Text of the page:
Why Did We Stop Marching?

In the same manner African Americans marched for Trayvon Martin, the time has come to march against homicide, HIV/AIDS, and having children out of wedlock.

For the first time in decades thousands of African Americans across the country marched for justice for Trayvon Martin. Rallies were held throughout Florida, Georgia, Washington D.C., Chicago, and New York. The rallies were a huge success; they kept the attention on the Trayvon Martin case and eventually led to George Zimmerman’s arrest. Unfortunately, after Zimmerman’s arrest the marches subsided, but they are plenty of other issues that should have African Americans marching in the streets.

The leading cause of death for African American males between the ages of 15 and 34 is homicide. The Bureau of Justice Statistics found the following:

  • Black males 18-24 years old had the highest homicide victimization rates. Their rates were more than double the rates for black males age 25 and older and almost 4 times the rates for black males 14-17 years old.
  • Although much lower than the rates experienced in the late 1980’s and early 1990’s, rates for black males ages 18-24 remain high
  • After increases in the early 1990’s, both white and black 14-17 year old males experienced homicide victimization rates in 2005 that were about the same as those of the early 1970’s.

Let’s march to stop homicides!

The Centers for Disease Control and Prevention found the following regarding HIV/AIDS:

  • In 2009, black men accounted for 70% of the estimated new HIV infections among all blacks. The estimated rate of new HIV infection for black men was more than six and a half times as high as that of white men, and two and a half times as high as that of Latino men or black women.
  • In 2009, black men who have sex with men (MSM)1 represented an estimated 73% of new infections among all black men, and 37% among all MSM. More new HIV infections occurred among young black MSM (aged 13–29) than any other age and racial group of MSM. In addition, new HIV infections among young black MSM increased by 48% from 2006–2009.
  • In 2009, black women accounted for 30% of the estimated new HIV infections among all blacks. Most (85%) black women with HIV acquired HIV through heterosexual sex. The estimated rate of new HIV infections for black women was more than 15 times as high as the rate for white women, and more than three times as high as that of Latina women.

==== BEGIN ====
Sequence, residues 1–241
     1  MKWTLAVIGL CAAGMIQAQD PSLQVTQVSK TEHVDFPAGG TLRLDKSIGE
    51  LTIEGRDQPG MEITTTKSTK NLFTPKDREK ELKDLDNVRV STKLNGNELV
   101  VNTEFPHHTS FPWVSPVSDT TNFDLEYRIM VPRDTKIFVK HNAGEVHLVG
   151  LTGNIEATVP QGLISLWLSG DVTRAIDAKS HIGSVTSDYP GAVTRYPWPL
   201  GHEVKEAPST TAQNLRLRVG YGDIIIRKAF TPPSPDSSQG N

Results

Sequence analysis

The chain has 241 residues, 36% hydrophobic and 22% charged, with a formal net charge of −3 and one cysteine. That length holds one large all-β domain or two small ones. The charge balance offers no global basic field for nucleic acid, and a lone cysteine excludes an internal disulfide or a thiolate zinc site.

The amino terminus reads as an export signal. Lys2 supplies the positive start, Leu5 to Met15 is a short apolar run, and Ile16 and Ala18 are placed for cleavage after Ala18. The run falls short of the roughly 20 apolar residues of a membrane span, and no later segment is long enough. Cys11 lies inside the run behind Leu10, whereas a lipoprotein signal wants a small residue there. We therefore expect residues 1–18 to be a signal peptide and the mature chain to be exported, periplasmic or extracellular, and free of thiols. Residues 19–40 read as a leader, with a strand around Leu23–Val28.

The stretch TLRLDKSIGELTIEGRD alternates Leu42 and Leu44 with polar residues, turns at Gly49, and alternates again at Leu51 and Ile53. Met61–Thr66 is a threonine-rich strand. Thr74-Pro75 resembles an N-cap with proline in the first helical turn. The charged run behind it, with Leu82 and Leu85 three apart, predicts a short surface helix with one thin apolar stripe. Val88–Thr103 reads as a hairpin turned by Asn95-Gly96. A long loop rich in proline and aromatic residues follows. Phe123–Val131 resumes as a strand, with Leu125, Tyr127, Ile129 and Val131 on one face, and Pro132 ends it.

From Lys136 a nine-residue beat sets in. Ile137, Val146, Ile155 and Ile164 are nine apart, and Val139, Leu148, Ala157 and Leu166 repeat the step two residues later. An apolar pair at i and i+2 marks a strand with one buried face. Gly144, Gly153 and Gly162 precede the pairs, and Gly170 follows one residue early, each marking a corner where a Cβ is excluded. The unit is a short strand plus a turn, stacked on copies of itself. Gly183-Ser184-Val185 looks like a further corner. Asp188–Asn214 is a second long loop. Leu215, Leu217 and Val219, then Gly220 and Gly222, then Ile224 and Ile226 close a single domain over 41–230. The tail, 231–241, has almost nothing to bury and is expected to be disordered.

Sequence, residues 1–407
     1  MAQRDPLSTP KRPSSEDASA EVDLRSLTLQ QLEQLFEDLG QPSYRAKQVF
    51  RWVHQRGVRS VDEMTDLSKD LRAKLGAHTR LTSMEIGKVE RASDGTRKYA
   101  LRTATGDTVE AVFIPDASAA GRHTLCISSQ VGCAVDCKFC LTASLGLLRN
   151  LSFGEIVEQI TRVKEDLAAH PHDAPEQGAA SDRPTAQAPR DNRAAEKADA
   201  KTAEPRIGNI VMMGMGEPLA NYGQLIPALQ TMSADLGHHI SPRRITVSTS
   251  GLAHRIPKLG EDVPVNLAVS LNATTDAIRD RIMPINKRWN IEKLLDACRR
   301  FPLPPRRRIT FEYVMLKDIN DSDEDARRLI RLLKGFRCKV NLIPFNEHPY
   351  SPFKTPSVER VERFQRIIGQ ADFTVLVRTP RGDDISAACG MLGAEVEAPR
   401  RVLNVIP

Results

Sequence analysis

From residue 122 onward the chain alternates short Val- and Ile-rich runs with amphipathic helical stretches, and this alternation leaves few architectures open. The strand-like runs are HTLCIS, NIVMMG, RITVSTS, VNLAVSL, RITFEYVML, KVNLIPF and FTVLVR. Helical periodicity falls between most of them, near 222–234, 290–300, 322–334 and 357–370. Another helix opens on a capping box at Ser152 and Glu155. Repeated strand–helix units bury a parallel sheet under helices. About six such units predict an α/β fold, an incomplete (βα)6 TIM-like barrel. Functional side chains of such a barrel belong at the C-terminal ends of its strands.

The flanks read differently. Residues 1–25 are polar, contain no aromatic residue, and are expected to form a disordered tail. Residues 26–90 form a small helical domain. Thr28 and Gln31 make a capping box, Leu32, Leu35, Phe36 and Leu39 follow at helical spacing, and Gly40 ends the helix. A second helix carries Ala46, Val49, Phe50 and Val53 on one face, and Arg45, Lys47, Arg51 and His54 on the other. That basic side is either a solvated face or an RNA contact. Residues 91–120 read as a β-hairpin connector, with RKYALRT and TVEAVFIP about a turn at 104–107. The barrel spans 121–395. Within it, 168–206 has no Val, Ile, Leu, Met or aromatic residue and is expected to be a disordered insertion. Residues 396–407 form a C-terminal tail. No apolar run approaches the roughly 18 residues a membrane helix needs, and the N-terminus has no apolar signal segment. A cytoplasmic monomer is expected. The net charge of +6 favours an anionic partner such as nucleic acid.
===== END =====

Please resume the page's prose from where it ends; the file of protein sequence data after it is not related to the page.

• At some point in their lifetimes, an estimated 1 in 16 black men and 1 in 32 black women will be diagnosed with HIV infection.

Let’s march to stop the spread of HIV/AIDS in our community!

In a recent Organization for Economic Cooperation and Development report, one in four children in the United States is being raised by a single parent.72% of African American Children are born to unwed mothers.  According to Children-our investment.org, homes without fathers ultimately affect children in numerous tragic ways:

  • 63% of youth suicides are from fatherless homes
  • 90% of all homeless and runaway children are from fatherless homes
  • 85% of all children who show behavior disorders come from fatherless homes
  • 80% of rapists with anger problems come from fatherless homes
  • 71% of all high school dropouts come from fatherless homes
  • 75% of all adolescent patients in chemical abuse centers come from fatherless homes
  • 85% of all youths in prison come from fatherless homes.

Let’s march to stop fatherless homes!

The Trayvon Martin case showed us that if we bring our attention to an important problem we can solve it. Zimmerman is awaiting trial, but we should not wait, nor should we stop marching until we bring an end to homicide being the leading cause of death for black males between the ages of 15 and 34, end the 1 in 16 black men and 1 in 32 black women being diagnosed with HIV, and end the 72% of African American children being born to unwed mothers.

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4 thoughts on “Why Did We Stop Marching?

  1. Well when the so-called “black leaders” focus more attention on selling books and ripping the people off then fighting for civil rights a lot of people lose faith or choose to ignore the problem at hand. Its no secret that black community is in dire need of a leader with community based intentions i.e Dr. King, Brother X, Medgar Evers etc. Until then I believe the march will be silenced

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